March 2, 2015
FCC lawmakers have finally settled upon a verdict regarding net neutrality.
It’s been a long (and very controversial) road, but more than a year after the issue hit the public sphere and generated plenty of heated debates and contention (see How FCC Regulations Could Change the Internet), FCC commissioners voted in favor of net neutrality advocates – including the President himself (see President Obama Publicly Supports Net Neutrality).
According to reports, these votes exactly followed party lines with the three Democrats voting for and two Republicans voting against net neutrality.*
Under these new laws, Internet service providers (ISPs) may not grant faster access to companies who pay more, thus making the whole Internet “equally accessible,” according to net neutrality supporters.
The ruling is widely being hailed as a success for the American public: the movement garnered strong support after the direct ramifications to everyday internet usage became clear, and in the end, the FCC received more than 4 million comments on their website – many advocating for net neutrality.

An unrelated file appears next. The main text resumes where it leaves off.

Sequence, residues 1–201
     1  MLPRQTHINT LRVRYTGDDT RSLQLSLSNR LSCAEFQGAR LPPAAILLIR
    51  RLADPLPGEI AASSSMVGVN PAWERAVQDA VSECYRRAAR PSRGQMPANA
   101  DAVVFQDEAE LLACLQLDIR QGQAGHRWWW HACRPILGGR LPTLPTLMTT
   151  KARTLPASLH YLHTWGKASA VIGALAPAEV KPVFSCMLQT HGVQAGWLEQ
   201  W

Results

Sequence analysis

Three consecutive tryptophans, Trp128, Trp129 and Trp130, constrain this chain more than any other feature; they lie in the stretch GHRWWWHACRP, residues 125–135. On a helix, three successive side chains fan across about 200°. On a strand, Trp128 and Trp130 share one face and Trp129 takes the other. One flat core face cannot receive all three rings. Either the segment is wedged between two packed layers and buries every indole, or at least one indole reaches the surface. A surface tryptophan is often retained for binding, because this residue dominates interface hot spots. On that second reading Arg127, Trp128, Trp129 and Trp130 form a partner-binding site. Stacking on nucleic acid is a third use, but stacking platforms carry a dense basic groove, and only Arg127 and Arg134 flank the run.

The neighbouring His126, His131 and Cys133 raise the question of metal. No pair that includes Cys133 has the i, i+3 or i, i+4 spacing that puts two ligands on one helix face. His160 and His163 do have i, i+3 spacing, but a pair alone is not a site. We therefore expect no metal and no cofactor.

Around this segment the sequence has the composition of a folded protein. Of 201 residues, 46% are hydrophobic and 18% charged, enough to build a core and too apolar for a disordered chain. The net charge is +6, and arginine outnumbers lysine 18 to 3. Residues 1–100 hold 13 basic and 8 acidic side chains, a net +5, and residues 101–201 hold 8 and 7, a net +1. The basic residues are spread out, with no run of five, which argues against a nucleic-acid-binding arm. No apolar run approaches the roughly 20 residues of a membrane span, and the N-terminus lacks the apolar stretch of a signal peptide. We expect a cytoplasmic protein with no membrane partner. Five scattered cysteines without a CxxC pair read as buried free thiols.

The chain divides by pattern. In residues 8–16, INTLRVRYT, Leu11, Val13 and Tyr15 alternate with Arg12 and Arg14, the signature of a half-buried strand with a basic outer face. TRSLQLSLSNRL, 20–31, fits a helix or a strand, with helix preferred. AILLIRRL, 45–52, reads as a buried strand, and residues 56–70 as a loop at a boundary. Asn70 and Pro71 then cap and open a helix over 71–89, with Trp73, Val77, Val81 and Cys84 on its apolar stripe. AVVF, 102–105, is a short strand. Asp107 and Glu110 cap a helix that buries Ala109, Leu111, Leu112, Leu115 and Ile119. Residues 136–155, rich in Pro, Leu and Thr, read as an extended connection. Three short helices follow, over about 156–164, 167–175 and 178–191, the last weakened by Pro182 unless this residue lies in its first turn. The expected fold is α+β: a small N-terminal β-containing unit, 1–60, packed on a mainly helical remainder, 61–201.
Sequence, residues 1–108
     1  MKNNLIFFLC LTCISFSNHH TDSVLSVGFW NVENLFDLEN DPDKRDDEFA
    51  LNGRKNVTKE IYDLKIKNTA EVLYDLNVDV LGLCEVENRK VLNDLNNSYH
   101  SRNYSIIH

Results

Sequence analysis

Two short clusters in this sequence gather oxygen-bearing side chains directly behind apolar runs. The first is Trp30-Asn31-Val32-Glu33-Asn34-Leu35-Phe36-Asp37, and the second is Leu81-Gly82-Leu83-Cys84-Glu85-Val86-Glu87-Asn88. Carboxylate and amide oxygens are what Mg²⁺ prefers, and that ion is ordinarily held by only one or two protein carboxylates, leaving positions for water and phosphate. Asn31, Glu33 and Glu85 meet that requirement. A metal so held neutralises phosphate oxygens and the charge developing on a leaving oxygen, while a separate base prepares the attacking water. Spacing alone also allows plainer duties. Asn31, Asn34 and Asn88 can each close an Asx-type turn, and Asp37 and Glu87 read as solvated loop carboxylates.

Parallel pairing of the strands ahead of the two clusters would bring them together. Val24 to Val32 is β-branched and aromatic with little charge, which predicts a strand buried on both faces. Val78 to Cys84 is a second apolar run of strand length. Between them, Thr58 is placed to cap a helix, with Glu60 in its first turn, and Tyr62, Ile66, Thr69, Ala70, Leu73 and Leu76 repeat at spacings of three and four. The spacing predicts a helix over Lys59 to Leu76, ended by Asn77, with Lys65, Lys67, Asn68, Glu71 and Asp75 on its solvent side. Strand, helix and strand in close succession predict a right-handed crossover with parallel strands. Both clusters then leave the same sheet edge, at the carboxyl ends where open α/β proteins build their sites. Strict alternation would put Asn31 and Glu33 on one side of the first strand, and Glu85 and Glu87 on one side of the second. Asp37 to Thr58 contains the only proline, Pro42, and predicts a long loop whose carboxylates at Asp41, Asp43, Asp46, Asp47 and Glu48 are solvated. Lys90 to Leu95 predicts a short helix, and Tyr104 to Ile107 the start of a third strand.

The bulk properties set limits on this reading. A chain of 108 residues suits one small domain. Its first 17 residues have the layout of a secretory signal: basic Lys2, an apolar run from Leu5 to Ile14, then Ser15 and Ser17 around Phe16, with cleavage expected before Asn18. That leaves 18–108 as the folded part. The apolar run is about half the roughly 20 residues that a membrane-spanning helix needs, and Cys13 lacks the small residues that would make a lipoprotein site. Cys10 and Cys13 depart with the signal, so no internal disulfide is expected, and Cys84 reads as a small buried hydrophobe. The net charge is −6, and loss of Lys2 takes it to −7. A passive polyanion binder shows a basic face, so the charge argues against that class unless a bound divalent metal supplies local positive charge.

In addition, content providers like Netflix and Google defeated ISPs such as Comcast and Time Warner Cable (who would have profited from an open market on special Internet deals).
As with all groundbreaking decisions, this verdict creates a precedent in the telecom industry – the ramifications of which are unclear.
On one hand, supporters of net neutrality maintain that online content and applications should be equally accessible, meaning that no websites or online services should be faster or slower as a result of special deals with internet service providers. Theoretically, this will protect content companies and consumers from unfair prices and slow speeds, respectively.
Alternatively, although eliminating an equal internet would undoubtedly change our online experience, opponents of net neutrality say that the Title II designations will stifle innovation in broadband (for a deeper look into Title II, see How FCC Regulations Could Change the Internet).*
For the average consumer, Internet browsing won’t immediately change.
According to experts, “all this ruling means is that there will be FCC jurisdiction to examine practices and hear complaints” regarding the open Internet.*